Extinction for some native plants could become a reality following the first known mature tree death in the East Cape due to myrtle rust infection, Manaaki Whenua – Landcare Research has announced.
The research institute has partnered with Biosecurity New Zealand to develop the NZ Myrtaceae Key – an easy-to-use free app for citizen biosecurity volunteers.
SCION myrtle rust researcher Roanne Sutherland had been monitoring the fungus for the last three years and had seen seedling death.
"This is the first time the deaths of large, mature trees have been reported."
The fungus is windborne and arrived on westerly winds from Australia in 2017.
Myrtle rust has now spread across the North Island and parts of the South Island, threatening New Zealand's native myrtles, including pōhutukawa and mānuka.
"The wider ecological effects of this are unknown," Sutherland said.
"What birds and insects are going to be impacted by the loss of this species? What plants will take their place?"
Dead trees were first observed this spring by Graeme Atkins, a local ranger who has worked for the Department of Conservation for 26 years.
Atkins found infected plants in the East Cape in 2018. However, by then it had been acknowledged that myrtle rust could not be permanently eradicated, and efforts had moved on to management and research.
Atkins has detected infection on several species, although ramarama and rohutu have been hardest hit in the East Cape.
People keen to support the fight against myrtle rust, which threatens many native trees, shrubs, and climbers, now have a new tool to help identify vulnerable plants in the myrtle family.
Manaaki Whenua – Landcare Research and Biosecurity New Zealand have partnered in the development of the NZ Myrtaceae Key – an easy-to-use free app for citizen biosecurity volunteers.
The app will help to identify susceptible plants and keep an eye out for the fungal disease myrtle rust.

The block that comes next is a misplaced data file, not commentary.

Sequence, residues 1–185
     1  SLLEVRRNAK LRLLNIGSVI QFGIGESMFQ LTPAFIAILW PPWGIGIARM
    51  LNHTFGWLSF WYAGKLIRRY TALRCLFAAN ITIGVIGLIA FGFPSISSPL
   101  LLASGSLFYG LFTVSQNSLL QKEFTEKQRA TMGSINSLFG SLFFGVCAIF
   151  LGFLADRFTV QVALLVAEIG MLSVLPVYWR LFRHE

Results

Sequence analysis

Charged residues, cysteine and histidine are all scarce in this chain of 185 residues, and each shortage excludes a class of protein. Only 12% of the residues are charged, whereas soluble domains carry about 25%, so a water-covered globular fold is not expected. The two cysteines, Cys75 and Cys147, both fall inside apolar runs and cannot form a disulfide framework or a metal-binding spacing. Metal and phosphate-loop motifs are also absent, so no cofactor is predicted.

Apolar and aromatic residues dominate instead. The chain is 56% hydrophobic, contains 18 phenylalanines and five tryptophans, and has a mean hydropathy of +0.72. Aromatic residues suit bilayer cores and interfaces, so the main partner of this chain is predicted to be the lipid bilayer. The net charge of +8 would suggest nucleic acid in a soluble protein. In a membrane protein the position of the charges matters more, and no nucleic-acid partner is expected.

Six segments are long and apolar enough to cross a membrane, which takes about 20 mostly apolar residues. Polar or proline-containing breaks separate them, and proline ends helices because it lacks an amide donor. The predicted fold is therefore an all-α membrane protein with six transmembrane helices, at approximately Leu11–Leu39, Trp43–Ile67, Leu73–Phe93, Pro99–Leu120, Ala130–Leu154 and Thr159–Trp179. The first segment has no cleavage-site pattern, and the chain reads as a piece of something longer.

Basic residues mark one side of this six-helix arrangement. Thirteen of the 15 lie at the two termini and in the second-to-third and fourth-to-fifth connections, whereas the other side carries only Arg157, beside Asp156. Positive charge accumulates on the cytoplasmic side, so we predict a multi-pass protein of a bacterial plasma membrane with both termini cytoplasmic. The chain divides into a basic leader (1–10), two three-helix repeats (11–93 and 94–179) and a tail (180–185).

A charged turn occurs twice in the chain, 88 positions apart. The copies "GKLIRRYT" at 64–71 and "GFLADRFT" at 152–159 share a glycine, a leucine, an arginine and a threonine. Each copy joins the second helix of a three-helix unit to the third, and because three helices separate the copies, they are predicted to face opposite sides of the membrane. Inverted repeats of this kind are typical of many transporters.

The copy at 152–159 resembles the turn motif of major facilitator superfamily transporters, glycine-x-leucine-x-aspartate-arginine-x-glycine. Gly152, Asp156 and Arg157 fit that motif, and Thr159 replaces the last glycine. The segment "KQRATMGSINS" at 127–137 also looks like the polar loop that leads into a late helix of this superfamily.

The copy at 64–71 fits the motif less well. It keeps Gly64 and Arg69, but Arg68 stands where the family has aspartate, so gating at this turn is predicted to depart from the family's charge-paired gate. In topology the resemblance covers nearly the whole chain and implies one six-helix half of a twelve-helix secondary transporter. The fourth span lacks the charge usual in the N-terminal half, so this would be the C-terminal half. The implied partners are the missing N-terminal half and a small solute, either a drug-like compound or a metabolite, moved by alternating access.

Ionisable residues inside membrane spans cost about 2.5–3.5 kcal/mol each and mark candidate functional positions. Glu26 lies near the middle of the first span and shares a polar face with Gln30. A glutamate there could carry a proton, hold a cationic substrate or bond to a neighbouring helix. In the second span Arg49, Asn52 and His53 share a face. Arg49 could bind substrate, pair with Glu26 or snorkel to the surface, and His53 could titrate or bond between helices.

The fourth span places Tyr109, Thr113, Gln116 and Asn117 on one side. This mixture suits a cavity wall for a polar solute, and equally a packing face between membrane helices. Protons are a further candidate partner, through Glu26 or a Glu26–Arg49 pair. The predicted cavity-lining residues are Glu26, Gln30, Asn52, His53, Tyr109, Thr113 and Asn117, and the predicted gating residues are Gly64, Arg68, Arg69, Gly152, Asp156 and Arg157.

Myrtle rust has already spread across the top half of the North Island and cases have been recorded as far south as Greymouth.
Ministry for Primary Industries diagnostics and surveillance services director Veronica Herrera said science partnerships like this would help the country stay on top of plant pests and diseases.
The NZ Myrtaceae Key is a Lucid identification tool envisaged and funded by Biosecurity New Zealand and developed by botanists from Manaaki Whenua, the National Forestry Herbarium, Unitec, and other experts.
The app is interactive and comprehensively illustrated with more than 1,600 fully captioned images built in, and is available for both iPhone and Android smartphones.
Herrera said the key included more than 100 of the most commonly found Myrtaceae species, subspecies, hybrids, and cultivars in New Zealand.
"Of these, 27 species, such as the iconic pōhutukawa, mānuka, and kānuka, are indigenous to New Zealand: others, such as feijoa and eucalyptus, are exotics of economic importance."
Manaaki Whenua – Landcare Research researcher Murray Dawson said the arrival of the windborne myrtle rust in 2017 gave a new importance to being able to identify Myrtaceae as heavily infected plants inevitably die.
"The disease is a threat to the important and substantial mānuka and kānuka honey industry. Using the new app to accurately identify species of Myrtaceae in New Zealand will make it easier to monitor and report cases of myrtle rust.
"By using the key, anyone, from farmers and trampers to gardeners and park users, will be able to identify plants to check for and report the tell-tale yellow spores, and diseased leaves," says Mr Dawson.
How to use the app
Enter in the characteristics of the plant and the app sorts plants with these features, progressively choosing different features, eventually narrowing the results to just one or a few matches.
Once the plant in the myrtle family has been idenified, and the app-user thinks they see signs of the disease on it, don't touch it.
Take a photo and submit it to the iNaturalist website. Experts can check to confirm whether it is myrtle rust.
This information makes it available to agencies and scientists to analyse the rate of spread and observed impacts.